Before I got the chance to visit this town for the first time, I’ve been kind of skirting it, just skirting it, on my way to Southern Leyte and back. I saw the signboards declaring that it was the town’s territory, or that we were exiting from it, but I didn’t see the town proper itself.
It’s all because I, together with some companions, was just passing through the diversion road. The town is sort of confined into a secret enclosure one will never see it unless one will decide to visit it. Nevertheless, I had this feeling that this town is somewhat magical, hoarding with it some secrets that could potentially entice newcomers.
My first impressions of the place were provided by the enchanting beauty of rice fields, with their assorted colors, against the magnificent mountains in the background. The captivating sceneries that had inspired the painter Fernando Amorsolo come into view as we drove down the mountains to settle on the plains below. With the sunrise or sunset as the background, the scene becomes even more pristine and lovely.
Birds, butterflies, flowers, bees, and other enablers of beauty swarm along the way, singing their hearts out in praise of their abode, proudly declaring the unquestioned charm of the place with their songs.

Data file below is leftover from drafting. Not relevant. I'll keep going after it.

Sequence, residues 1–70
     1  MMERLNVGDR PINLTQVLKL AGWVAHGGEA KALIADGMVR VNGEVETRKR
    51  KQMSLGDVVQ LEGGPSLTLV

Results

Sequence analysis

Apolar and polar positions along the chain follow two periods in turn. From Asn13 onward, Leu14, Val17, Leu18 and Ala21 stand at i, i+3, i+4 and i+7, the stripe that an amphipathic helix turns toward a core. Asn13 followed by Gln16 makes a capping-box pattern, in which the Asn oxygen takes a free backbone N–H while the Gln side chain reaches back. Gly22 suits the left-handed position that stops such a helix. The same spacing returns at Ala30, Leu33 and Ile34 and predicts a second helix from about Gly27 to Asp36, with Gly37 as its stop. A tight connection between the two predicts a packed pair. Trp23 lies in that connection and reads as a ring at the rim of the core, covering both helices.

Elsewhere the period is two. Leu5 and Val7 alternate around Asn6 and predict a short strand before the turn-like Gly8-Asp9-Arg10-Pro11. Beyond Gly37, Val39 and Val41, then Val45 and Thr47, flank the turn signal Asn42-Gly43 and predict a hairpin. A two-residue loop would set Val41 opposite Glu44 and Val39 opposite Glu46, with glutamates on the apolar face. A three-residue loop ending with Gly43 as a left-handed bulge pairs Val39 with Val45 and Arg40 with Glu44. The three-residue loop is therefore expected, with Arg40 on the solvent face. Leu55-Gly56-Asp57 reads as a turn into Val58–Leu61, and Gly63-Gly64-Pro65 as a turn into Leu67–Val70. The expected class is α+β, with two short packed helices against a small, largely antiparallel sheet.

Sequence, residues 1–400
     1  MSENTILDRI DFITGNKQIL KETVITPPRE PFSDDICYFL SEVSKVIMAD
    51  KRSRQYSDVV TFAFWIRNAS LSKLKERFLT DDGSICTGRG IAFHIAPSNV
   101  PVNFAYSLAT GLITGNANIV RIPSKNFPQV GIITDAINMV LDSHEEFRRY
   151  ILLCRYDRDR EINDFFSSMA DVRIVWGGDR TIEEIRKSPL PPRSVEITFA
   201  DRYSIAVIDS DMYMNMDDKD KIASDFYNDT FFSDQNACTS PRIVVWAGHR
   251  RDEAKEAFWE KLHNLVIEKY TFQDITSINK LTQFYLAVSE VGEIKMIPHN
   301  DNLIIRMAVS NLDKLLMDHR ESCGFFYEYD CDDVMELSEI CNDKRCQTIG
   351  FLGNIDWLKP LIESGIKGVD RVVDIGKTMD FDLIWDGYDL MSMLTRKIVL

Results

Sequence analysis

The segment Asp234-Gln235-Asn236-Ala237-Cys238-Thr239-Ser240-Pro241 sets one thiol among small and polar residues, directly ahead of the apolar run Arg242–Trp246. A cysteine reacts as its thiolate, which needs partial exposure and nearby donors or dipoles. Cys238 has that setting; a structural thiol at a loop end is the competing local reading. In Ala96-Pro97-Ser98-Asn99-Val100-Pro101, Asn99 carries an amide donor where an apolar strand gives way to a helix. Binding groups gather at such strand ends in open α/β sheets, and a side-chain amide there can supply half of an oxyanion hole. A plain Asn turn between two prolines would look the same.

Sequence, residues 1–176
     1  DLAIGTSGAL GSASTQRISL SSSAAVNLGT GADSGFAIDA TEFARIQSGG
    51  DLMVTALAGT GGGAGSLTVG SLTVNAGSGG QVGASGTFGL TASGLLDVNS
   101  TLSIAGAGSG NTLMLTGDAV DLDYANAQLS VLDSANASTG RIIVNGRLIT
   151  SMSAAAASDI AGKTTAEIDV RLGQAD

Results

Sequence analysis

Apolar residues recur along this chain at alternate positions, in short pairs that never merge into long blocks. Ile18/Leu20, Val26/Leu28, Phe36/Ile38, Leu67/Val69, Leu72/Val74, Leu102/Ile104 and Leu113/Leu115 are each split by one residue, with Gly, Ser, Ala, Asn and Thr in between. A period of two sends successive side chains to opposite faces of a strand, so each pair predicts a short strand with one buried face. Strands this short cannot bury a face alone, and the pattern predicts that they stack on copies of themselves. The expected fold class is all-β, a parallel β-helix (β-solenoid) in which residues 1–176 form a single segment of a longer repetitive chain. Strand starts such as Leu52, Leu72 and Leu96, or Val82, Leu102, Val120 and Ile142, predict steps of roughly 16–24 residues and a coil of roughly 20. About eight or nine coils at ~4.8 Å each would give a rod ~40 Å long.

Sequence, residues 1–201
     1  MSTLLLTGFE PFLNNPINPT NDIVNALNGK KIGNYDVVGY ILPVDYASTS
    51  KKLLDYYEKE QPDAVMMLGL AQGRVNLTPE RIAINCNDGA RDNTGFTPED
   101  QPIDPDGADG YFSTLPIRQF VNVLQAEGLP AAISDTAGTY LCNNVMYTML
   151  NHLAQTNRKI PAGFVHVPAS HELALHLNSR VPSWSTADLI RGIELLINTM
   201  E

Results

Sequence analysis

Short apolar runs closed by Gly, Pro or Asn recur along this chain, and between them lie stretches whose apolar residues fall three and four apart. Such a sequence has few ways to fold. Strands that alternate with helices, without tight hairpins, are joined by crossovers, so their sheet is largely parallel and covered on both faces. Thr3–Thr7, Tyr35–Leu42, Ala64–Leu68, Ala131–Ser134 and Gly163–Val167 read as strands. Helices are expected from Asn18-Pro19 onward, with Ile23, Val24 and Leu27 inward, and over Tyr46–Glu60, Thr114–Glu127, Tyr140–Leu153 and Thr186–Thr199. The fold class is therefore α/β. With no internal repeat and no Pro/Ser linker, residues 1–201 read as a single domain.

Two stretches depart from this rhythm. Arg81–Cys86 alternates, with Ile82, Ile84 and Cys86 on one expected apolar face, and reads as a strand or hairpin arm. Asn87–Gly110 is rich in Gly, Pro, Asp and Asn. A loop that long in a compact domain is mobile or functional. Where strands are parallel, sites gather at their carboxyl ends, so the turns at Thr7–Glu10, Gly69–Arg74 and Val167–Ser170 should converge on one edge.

Every time I passed by this place, I always take pictures of the flashing scenery, trying to capture the most attractive angles of trees and plains, and mountains combined. The pictures turned even more enchanting with the blue skies and cloud formations for backgrounds. With the sun in there, the photos looked superb, indeed.
From those elegant scenes, my attention was grabbed by the friendliness and natural kindness of the townsfolk. So the next thing that I fell for was the people of this place. That’s when I finally visited there in person. They seem to showcase that attitude of barrio folks in their most civilized version: hospitable, friendly, helpful, sincere, and generous. With their obvious mestizo and mestiza looks—thanks to the American soldiers who had improved their race—visitors like me could not help but admire them.
And you know what, when I heard their town hymn for the first time, I admit I really fell in love with it. From the place to the people, and to the hymn—yes, that’s right, I fell for all these. The melody is very Filipino, so melodious and touching; and the lyrics, oh boy, poetic at that and full of love, literally. It made me wonder how in the world did they come up with such a beautiful hymn that expresses their culture, dreams, passions, and aspirations.
Not many towns in the country had impressed me that much. But this town did not just impress me—it endeared itself until I fell for it. The peacefulness of the place coupled with its bountiful harvests are enough to draw anyone to it. If you add all of the above, moreover, you might decide to relocate to this place and make it part of your life. It’s a place called, Abuyog.